Additionally, the movement does not see itself as just a religious community. It has a social and cultural identity and a mission. Many Western commentators present religious movements as being a hostile, anti-modernity reaction of traditional societies or social sectors. They consider the rise of these kinds of movements as the crises of traditional societies. But the Gülen Movement is not a reactionary formation. It does not have an anti-modern position. The individuals who shouldered the main dynamics of the movement come from important segments of the society—urban and well educated either in Turkey or abroad; they have adopted modern values and have shown to be self-sacrificing supporters. As they are not after an ideological state, they are not against the official state ideology, or trying to develop an opposition. They are not acting with a sense of deprivation, as is often seen in radical and reactionary movements. On the contrary, all of their relationships are conciliatory and based on dialog and tolerance. In their conduct regarding the individual and social relationships, they value the positive. They express that they are trying to develop relationships, based on a healthier and productive foundation, not by using power or force, but by developing alternatives, without breaking the order of the society. They are bringing to the fore, in all their relationships, the ideal to serve the individual, society, and humanity.

The state, the government, the politics, those whose purposes are these, and who tie their lives to the interests that they will derive from these activities have a tendency of assessing in the same vein those who do the things in the name of faith, the pains felt in the service of the Qur’an.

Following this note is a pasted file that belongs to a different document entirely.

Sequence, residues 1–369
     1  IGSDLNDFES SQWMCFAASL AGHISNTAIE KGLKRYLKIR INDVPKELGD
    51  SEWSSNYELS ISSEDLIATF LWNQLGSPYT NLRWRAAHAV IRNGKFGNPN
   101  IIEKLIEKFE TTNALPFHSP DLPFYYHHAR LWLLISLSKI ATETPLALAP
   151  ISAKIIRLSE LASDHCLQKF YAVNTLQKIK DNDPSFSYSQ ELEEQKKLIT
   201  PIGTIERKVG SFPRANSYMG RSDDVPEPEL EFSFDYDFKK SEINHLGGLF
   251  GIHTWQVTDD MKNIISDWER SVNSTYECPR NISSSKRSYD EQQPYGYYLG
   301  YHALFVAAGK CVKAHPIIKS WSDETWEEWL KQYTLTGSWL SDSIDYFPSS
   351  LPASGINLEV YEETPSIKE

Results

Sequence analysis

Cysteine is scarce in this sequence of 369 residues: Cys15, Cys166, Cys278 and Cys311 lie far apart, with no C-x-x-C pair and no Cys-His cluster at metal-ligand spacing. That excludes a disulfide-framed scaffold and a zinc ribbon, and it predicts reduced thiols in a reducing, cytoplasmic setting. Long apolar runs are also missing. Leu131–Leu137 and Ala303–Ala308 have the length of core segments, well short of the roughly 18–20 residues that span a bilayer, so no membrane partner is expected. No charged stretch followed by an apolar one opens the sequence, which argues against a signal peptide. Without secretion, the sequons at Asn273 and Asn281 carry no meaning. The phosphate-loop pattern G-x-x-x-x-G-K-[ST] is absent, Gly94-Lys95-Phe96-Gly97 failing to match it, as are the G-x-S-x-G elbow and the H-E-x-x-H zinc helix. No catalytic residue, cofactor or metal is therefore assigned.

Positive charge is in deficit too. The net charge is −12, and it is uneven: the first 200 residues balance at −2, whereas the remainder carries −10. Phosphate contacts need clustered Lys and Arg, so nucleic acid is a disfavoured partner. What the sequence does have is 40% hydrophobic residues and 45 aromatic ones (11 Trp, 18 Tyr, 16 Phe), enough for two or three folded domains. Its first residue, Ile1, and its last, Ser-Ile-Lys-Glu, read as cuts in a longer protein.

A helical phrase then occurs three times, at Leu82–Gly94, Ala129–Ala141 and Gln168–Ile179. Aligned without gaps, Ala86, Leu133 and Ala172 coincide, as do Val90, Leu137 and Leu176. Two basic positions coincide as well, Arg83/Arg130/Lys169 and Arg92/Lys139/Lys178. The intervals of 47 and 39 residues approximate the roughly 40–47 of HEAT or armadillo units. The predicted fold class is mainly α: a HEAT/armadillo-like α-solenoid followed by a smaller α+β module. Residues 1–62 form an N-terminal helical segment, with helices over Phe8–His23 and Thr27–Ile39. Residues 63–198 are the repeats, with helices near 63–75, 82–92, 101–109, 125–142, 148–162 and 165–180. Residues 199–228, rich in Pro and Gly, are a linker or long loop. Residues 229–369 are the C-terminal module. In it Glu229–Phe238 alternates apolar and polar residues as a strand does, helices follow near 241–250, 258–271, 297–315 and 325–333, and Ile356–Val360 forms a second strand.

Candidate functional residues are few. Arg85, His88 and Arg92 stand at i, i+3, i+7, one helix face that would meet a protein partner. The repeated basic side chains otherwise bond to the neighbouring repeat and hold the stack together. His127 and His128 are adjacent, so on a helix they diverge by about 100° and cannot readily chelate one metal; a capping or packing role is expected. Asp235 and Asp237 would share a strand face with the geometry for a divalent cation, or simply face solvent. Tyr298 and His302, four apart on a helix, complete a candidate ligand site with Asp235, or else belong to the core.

We have never had any business with terror, anarchy, or anything illegal. They accused me of trying to take over Turkey. I am after no worldly thing; even if they propose the sultanate of this world, I would not turn my face and look in that direction. In the face of this kind of accusations, I say “O my Lord! I wonder if I made a mistake in my act of worship, in my servanthood to you. Was I at fault in sincerity? They are accusing me with the things I never thought of, the things which did not enter into my imagination or dreams![4]
Fethullah Gülen appears to understand the meaning of “politics” differently than its current usage:
In reality, politics is thinking today with tomorrow, and tomorrow with the next day, and an art of administration with a larger perspective of considering the pleasure of God together with earning the pleasure of humans; but today, politics is understood as consisting only of the party, propaganda, elections, and power struggle.

The domination which is obtained through wealth, fame, power, or force is transitory; what is durable is the domination of the right and justice. For this reason, the greatest politics should be sought in the partisanship of the right and the just. Alas! When we look at many countries of the world, we cannot help but think: Where is the politics integrated with the thought of right and justice, and where is the street charlatanism consisting mostly of the lie and deceit?

Unfortunately, in our day, most of the people consider as politics the daily political games, the deception of the masses, the struggle for power and interests, and all the activities in order to realize all these things, legal or illegal. Because of this wrong interpretation and thinking, for the sake of my life related to heart, the straightforwardness of my thinking, and my relationship with my Lord, I have stayed away from every kind of political action, and I consider it absolutely necessary to remain the same for the rest of my life.[5]
[1] Ergene 2005, 53.
[2] Ibid.
[3] Ibid.
[4] Fethullah Fethullah Gülen 2009a, 96.
[5] Ibid., 105–106.

From author's book Fethullah Gülen and the Gülen Movement in 100 Questions, the article appeared on fgulen.com, 16 April 2015, Thursday